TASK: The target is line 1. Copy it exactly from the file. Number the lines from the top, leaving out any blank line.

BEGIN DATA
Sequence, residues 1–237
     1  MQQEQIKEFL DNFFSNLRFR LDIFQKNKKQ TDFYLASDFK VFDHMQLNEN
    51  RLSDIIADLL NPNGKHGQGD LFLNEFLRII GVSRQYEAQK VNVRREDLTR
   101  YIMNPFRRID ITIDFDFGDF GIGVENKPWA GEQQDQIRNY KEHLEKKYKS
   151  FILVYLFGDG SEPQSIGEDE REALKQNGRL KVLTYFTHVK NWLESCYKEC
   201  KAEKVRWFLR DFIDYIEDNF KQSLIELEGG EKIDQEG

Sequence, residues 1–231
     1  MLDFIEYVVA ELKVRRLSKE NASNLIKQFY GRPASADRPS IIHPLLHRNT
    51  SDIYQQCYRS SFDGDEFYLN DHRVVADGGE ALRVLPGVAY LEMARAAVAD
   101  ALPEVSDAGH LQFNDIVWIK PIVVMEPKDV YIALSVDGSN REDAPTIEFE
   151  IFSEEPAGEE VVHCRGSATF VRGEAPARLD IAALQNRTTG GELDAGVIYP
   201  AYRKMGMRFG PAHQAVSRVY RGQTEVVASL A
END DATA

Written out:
Sequence, residues 1–237